A splendid half-timbered building dating from 1614 with three rooms and a section of wattle-and-daub on show. The original pub room is the small beamed tap room accessed via the right hand latch door, which has a figure ‘1’ on it – a requirement of the licensing magistrates. This unspoilt room with a solid red-brown floor has fixed bare benches on the front wall side; an assortment of tables including a couple of scrubbed ones; and some chunky ‘publican’s rustic’ stools. Situated near the settle is an oval-shaped table created from a piece of oak with a brass edging which has been here for years. A similar table in the corner of the room is a copy made by a customer a few years ago.
The room has half-height old panelling and a fitted settle which is old as is indicated by the well worn seat. However, the high back of the settle is unusual – most similar settles have panels but this one features old fielded panels – which look like they are re-used wall panels but the date of the change is unknown. There is a 1930s-style brick fireplace with a coal fire but this may date from 1953 when there were changes in the left hand room.
Note the glass covered section of wattle-and-daub on the left hand wall and a mummified rat which came from the loft and discovered by builder when the pub was re-thatched in 1999. It has no bar counter – originally beer was served from a hatch situated in the doorway of what is now the third public room situated at the rear. There was actually a servery in the area where there is now a kitchen – the wall that separates the kitchen from the present third room is a recent addition. It is believed that the servery consisted of a bar back fitting where the ovens are now situated and also a counter/cabinet just about where the wall is situated. However, the third room was only ever a private room and not used by customers until 1994. Note the figure ‘5’ on the door to the cellar. A passage on the rear right leads to a door and across the cobbled yard is the outside gents.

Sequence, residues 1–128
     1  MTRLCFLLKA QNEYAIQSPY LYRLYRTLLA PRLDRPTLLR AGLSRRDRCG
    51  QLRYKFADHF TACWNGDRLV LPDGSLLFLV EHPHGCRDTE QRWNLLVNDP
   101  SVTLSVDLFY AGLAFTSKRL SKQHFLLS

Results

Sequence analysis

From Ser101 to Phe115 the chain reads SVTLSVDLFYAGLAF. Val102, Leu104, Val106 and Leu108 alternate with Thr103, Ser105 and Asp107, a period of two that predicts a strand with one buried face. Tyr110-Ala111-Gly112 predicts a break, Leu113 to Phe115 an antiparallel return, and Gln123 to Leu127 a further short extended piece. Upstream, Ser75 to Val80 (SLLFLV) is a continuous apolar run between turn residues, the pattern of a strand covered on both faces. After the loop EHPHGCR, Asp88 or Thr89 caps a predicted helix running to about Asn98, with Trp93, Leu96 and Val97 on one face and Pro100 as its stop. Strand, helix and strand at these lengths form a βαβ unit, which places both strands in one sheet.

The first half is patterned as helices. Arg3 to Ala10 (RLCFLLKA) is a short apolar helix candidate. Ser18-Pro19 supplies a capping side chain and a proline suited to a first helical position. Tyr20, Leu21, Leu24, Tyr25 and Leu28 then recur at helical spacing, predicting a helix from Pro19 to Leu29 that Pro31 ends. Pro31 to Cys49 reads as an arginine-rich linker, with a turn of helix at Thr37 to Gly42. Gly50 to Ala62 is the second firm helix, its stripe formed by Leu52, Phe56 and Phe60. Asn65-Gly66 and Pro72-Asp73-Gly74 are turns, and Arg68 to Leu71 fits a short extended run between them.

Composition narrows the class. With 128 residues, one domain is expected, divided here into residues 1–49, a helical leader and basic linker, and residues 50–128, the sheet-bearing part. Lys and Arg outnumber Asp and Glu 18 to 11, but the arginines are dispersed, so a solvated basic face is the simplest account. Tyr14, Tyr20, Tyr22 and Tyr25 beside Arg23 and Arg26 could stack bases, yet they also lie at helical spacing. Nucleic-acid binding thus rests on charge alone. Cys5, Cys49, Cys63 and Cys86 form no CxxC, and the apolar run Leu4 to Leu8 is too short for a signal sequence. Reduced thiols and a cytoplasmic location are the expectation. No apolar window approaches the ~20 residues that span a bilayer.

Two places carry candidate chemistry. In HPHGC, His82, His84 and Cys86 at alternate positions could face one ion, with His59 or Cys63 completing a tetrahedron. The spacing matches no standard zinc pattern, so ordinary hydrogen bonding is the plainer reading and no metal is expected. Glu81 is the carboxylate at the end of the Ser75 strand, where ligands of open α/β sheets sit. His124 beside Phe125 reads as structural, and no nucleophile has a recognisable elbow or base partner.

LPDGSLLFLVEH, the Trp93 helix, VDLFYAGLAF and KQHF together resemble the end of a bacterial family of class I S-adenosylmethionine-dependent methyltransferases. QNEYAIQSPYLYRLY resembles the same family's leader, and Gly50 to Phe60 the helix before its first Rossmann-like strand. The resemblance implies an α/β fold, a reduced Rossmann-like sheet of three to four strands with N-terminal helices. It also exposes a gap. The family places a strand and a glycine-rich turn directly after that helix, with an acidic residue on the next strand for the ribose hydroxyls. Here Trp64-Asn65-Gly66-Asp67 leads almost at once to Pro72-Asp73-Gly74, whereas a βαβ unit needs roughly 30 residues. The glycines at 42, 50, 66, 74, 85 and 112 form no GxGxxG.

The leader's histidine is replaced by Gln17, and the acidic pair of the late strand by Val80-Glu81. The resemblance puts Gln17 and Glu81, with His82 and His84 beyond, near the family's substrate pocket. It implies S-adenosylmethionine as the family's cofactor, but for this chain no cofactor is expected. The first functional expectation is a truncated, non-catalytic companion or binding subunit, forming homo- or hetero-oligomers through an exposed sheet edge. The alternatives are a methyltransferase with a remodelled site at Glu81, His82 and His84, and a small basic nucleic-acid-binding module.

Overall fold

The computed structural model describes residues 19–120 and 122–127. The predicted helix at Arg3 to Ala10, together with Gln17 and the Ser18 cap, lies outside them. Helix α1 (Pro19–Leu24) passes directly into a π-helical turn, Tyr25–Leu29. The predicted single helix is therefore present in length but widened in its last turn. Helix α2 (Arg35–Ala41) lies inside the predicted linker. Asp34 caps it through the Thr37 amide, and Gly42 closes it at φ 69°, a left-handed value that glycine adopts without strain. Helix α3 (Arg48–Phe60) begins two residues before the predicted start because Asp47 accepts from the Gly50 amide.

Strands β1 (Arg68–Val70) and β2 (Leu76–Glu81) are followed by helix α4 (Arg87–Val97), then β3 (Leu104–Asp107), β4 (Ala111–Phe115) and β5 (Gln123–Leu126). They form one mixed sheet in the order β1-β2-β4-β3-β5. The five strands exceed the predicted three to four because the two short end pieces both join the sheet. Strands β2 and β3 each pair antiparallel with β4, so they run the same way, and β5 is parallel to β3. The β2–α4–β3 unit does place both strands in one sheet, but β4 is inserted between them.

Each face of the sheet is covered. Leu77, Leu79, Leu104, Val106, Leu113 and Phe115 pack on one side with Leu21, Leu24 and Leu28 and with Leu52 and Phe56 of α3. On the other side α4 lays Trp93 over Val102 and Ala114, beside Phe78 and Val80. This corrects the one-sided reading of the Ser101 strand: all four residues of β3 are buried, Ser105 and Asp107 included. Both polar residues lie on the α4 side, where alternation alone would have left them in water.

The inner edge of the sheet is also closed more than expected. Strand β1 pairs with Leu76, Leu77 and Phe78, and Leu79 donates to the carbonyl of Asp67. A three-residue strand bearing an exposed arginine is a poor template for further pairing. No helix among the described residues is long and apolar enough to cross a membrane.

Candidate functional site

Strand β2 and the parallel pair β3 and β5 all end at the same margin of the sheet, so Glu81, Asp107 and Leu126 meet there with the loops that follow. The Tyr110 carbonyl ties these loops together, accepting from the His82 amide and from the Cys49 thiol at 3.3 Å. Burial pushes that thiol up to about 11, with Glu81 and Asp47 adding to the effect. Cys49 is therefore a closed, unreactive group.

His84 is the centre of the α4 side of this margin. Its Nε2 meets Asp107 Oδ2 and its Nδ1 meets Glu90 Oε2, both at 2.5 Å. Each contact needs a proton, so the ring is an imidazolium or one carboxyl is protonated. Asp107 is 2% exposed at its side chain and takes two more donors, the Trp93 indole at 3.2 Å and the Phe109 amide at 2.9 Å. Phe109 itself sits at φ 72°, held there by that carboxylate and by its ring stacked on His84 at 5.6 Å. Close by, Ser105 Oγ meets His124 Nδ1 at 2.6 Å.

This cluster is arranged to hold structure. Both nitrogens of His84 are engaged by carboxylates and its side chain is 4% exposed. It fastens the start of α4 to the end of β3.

The beamed room on the left on a lower level and with a figure ‘2’ on the door was for 200 years the twice-yearly Court Leet and Court Baron for the Manors of Crewe Green, Barthomley and Leighton; and has been used as a school room in the past. It only became a pub room in 1953 which is the date of the bar counter and bar back fitting. There are two upright columns featured in the bar counter which originally went right up to the ceiling beams until the 1990s when a former licensee cut the top sections off and added the copper caps. It has an old red tiled floor and some new tiles; old half-height panelling; and a brick fireplace which looks 1930s in style but was probably added in 1953.
The tiny room at the rear of the pub was converted from private quarters in 1994 and has a flag-like tiled floor, a tiled fireplace with stove and is served from a doorway/hatch to the side of the bar. Upstairs there is a small function/meeting room where the ceiling was removed in the 1990s so it is now open the the rafters and it has a small Victorian cast-iron fireplace.
The pub closed on 1st April 2013 following the thatched roof catching fire. Following repairs it was reopened on 23rd July 2013. The roof has been re-thatched and the three rooms downstairs have been cleaned [and re-painted where appropriate] to remove the effects of smoke damage. Exterior brickwork on chimney etc has been re-pointed.